After they were driven from one place to another for their abnormal cultural traits, they found refuge and their promise land in an islet on Lake Texcoco. Here they built their capital Tenochtitlan, the city of Tenoch, their leader that lead them through their migration. This became the node or center place of their vast growing empire. They built magnificent, elaborate, step pyramids that were use for human sacrifices as offerings for their gods. They were a polytheistic religion in which they believed in many gods. They utilize an agricultural style that used Chinampas, manmade agricultural islands constructed of long poles embedded into Lake Texcoco’s bottom and filled with soil to the lakes surface, were they would grow their crops. With the construction of Chinampas within the lake allowed water to supply constant nutriment for the crops for year round farming. A 5 ½ mile long by 23 feet wide dike was built to separated salt water from fresh water within Lake Texcoco. With these improvements the Aztecs were able to grow beans, squash, limes, chilies, cashews, potatoes, peanuts, tomatoes, and chocolate some of many foods cultivated by the Aztecs. Jaime describes the Aztecs daily diet and the process of gathering food:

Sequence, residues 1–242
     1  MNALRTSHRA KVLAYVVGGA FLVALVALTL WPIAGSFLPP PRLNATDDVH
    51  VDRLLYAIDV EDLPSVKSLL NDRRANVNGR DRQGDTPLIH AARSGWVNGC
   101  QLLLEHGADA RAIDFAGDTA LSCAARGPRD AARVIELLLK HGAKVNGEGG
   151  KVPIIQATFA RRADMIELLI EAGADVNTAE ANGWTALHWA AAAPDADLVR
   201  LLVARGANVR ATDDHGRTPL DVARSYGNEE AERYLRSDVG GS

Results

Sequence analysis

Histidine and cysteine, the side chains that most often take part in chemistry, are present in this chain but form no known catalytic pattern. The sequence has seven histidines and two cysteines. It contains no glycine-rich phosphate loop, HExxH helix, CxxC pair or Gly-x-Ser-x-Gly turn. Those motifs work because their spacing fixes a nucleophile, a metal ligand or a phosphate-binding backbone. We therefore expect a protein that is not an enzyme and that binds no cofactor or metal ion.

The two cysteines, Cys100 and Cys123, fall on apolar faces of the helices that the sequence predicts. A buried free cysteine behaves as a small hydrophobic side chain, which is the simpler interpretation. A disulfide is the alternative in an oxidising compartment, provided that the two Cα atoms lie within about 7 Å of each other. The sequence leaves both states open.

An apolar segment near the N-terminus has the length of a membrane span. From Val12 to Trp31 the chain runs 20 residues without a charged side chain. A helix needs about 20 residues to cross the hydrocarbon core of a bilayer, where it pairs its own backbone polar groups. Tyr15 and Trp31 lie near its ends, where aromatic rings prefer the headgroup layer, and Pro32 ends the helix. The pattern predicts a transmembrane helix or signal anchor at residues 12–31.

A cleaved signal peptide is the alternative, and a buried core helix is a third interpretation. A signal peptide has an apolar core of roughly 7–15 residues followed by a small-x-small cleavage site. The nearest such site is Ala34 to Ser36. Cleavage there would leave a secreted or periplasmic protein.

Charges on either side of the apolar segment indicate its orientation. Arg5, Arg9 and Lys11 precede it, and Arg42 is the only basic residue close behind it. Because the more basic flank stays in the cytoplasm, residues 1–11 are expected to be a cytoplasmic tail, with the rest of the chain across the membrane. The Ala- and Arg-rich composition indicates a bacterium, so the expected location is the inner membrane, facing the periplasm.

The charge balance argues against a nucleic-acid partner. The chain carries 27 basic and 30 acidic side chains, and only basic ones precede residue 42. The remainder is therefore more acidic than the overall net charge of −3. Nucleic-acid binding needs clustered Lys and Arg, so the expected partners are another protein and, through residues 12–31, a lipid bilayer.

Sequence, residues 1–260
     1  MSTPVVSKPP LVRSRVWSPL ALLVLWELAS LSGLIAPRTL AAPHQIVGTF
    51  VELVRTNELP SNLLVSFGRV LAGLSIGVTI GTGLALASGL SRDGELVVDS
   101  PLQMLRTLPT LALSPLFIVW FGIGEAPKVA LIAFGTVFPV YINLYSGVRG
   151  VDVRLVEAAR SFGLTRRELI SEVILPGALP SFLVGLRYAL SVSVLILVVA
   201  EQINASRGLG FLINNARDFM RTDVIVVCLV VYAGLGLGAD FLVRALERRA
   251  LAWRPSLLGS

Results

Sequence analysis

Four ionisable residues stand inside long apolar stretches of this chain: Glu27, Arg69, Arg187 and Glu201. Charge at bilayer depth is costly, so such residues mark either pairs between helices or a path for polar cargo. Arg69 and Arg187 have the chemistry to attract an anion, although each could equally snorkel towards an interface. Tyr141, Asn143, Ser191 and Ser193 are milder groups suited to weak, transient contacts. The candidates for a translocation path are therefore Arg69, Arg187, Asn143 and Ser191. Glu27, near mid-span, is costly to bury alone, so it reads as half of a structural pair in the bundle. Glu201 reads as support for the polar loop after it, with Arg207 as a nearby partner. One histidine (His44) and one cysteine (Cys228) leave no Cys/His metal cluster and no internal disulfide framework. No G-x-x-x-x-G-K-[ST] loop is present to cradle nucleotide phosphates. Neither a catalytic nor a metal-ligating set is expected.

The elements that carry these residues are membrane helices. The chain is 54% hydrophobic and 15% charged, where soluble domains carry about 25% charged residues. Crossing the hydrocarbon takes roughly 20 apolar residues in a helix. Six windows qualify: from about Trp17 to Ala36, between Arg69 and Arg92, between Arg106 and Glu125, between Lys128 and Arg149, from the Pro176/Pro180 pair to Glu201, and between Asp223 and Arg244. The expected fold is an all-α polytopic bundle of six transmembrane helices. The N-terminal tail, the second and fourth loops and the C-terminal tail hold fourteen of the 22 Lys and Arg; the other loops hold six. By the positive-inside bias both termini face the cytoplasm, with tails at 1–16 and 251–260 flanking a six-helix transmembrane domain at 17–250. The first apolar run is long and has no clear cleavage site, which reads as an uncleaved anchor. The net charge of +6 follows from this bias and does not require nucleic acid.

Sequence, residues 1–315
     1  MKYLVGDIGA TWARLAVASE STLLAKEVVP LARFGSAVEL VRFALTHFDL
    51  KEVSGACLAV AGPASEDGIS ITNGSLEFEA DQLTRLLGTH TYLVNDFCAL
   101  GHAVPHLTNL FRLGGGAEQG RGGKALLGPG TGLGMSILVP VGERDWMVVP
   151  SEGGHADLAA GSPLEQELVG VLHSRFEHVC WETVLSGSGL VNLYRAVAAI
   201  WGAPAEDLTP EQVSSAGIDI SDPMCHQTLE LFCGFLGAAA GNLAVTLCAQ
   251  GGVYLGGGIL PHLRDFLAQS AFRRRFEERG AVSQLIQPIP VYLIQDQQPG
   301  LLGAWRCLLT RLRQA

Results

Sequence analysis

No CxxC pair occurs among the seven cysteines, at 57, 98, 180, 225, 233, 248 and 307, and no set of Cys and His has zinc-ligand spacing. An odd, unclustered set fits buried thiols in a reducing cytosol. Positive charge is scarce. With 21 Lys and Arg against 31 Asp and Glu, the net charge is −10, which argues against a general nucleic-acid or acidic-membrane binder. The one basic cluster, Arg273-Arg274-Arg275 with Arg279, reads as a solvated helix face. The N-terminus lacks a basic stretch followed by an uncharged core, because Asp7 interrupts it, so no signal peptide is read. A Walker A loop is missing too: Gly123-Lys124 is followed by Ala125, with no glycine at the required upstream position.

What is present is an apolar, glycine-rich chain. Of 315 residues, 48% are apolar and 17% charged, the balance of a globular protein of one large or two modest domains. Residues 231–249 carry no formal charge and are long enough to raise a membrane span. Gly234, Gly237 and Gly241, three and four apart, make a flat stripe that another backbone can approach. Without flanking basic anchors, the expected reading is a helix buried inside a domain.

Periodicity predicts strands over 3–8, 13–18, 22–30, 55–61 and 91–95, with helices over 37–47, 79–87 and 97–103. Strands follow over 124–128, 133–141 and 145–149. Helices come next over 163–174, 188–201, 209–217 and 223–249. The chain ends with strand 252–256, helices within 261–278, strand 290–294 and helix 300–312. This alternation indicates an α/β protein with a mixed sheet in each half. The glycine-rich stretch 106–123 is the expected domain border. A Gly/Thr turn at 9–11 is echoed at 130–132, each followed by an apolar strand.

“[Maize “corn” played a critical role during the Aztec empire. Corn is use to make flour in which tortillas, tamales, candy and even drinks are made of. Maize originated from Mexico and then spread throughout the world, and has transformed the world perhaps more than any other food in the world. Mexico is still one of the world’s top maize growing countries. Maize and beans was a healthy combination the Aztecs used when meat was scarce. The Aztecs domesticated many wild animals; bees for honey, turkeys and ducks for meat and eggs. They also hunted deer, rabbits, iguanas, fish and shrimp for food. These various types of meat made up only a small section in the Aztec’s diet. Algae found on the surface Lake Texcoco is high in protein and used to make bread and cheese which was a very common diet of Aztecs. This alga is still use in Mexico as a fertilizer. Many foods were passed on by Aztecs that molds our culture today.]” (1)